Walking the Camino sort of normalises early-morning drinking. Back in the “real world” you’d look like an alcoholic to open a bottle of wine at 10am but on Camino, the attitude is different. When you’re up at 6am and have walked a few hours already, a beer or wine at 10-11am seems entirely reasonable!

Personally, I liked to wait until 12 or 1pm to have my wine. It was probably a psychological ploy to convince myself that drinking in the afternoon was less shocking than drinking in the morning – but you know, the results would probably have been the same either way!

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Embedded into the pavement, yellow arrows point the way to Santiago. Each region uses a different style of sign.

On the far side of town, we bumped into 2 Canadian ladies we hadn’t seen since Zabaldika. One of them had just bought a new pair of hiking shoes and like me, was breaking them in while she walked.

She’d travelled to Spain with a pair of sturdy hiking boots – a pair she’d owned for less than a year and had already broken in. The boots had been the correct size to begin with, but her feet had swollen in the heat and with the exertion of daily walking.

This is normal for Camino.

The steep descent of the Pyrenees had caused her toes to press against the front of her boots for hours on end. This had led to bruising and blisters so by the time she reached Logroño, her toe nails were starting to fall off.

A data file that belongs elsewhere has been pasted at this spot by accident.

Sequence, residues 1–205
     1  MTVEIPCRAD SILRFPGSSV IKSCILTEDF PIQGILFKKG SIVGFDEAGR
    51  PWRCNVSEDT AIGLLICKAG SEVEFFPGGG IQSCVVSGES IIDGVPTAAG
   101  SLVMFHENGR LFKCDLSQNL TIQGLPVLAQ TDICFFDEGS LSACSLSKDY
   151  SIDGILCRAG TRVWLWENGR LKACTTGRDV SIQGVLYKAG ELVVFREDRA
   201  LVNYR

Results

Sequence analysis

Ouch!

She’d just purchased a pair of lightweight walking shoes and had abandoned her boots back in the city.

“My husband will kill me!” she said, knowing the €200 boots would never be seen again.

She didn’t care at all – those boots were killing her toenails and they were too heavy to mail home: let some other pilgrim make use of them.

And she practically skipped her way out of the city, along the tree-lined pavements, and out into the open countryside!

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Rioja vineyards 🙂

I gently separated myself from the group to walk on ahead, alone, for a few hours. That afternoon, I passed through miles of vineyards where the soil was truly reddish-brown, and gave its name to the regional wine: Rioja. Funny how I’ve drunk it for years without ever really considering its origins. Only then, walking through the region and watching the red soil cover my fresh new shoes and socks, I realised that all of these things I consume each day, have an origin.